“Blue Guardian” International UAV Exercise, Participating Nations Explore Cooperation and Collaboration Opportunities

By Arie Egozi

Defence Industry

Tel Aviv: As air forces around the world continue to increase the use of UAV’s, Israel is considered a country that can instruct foreign air forces of how to exploit the potential of these aerial systems.

Last week, the “Blue Guardian” international UAV exercise began, led by the Israeli Air Force (IAF) with five other participating nations. France, the United Kingdom, the United States, Germany, and Italy are the five countries participating in the “Blue Guardian” UAV exercise led by the Israeli Air Force. In addition, by mid-week representatives from 11 additional countries arrived at Palmachim AFB to learn about the Israeli experience with UAV’s.

“The number of participating countries in the current exercise is relatively limited compared to the number of nations that have close relations with the IAF”, explained Capt. Y, a UAV operator from the 166th (“Fire Birds”) Squadron, which is leading the exercise. “The participating forces all have their own advanced UAV squadrons. However, it was important for us to hold the exercise with other close partners from around the world to create an opportunity for possible cooperation in the field. The field of remotely piloted aircraft is developing at a rapid pace worldwide and holding an international exercise emphasizes that significance and paves the way for future collaboration and advancement”. He told the IAF magazine.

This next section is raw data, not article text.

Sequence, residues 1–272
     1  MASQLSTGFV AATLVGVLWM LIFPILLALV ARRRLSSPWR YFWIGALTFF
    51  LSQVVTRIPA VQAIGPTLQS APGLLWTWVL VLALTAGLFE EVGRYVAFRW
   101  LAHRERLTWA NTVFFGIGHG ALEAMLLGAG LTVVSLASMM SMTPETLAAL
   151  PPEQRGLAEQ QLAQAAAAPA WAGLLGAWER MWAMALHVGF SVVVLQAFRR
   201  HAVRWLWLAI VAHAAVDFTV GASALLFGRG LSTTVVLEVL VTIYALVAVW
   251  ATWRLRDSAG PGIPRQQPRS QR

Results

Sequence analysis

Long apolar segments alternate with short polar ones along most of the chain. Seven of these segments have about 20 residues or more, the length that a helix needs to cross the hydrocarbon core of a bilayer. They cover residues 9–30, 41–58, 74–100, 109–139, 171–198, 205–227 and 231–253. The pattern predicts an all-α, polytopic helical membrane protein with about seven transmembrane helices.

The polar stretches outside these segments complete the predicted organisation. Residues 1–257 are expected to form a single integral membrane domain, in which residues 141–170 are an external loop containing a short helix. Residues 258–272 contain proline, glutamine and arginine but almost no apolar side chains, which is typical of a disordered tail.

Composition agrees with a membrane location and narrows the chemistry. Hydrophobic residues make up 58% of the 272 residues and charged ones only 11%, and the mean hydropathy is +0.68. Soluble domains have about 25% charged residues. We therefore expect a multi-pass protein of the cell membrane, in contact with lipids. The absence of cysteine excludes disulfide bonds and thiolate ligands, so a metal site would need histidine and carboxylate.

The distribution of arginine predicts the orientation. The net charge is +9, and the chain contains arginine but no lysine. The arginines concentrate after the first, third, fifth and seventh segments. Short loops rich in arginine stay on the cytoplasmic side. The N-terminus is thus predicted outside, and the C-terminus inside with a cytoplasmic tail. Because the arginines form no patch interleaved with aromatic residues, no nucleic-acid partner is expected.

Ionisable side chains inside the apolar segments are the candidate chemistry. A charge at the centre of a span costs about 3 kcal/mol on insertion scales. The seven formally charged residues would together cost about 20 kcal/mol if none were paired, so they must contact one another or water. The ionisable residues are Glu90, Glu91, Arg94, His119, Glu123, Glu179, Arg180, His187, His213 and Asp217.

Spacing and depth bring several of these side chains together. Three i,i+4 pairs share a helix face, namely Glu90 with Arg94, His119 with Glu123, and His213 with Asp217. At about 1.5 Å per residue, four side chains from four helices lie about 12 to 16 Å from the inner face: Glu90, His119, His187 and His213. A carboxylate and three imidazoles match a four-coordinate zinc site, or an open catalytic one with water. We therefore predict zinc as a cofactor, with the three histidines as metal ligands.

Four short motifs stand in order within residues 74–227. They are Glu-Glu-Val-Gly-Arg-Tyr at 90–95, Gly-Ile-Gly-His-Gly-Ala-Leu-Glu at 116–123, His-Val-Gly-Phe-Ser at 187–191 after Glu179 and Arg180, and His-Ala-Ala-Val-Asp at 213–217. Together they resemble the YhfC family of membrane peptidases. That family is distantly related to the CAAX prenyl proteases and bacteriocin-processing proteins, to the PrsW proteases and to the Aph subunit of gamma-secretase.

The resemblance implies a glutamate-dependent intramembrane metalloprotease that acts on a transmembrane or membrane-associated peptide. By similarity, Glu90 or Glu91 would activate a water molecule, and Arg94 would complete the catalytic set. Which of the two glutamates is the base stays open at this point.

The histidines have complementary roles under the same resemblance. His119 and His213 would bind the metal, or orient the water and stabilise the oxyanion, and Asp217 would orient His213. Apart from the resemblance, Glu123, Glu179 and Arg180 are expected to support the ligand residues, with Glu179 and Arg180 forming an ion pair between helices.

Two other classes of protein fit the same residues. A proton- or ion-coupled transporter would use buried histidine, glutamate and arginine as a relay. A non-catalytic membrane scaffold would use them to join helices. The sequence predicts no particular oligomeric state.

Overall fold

Capt. A, a representative from the United States Air Force, spoke about the differences in the platform they operate in the US compared to the Israeli “Zik” (Hermes 450), which each team has flown during the exercise. “There are advantages and disadvantages to each platform and the differences shape each country’s operational doctrine. “The United States Air Force can learn a lot from the IAF”, shared Capt. A. “There’s a very high likelihood that we’re going to interact together in the sky at some point somewhere in the world, so I think having the baseline knowledge of how you operate your aircraft compared to how we do in the USAF is very valuable. On a personal level, it’s nice getting to know everybody, hearing their backgrounds, and finding similarities”.

Some 80 % of the total flight hours performed by the IAF are by UAV’s of all types, from medium sized like the Hermes 450 to the biggest one the Heron TP.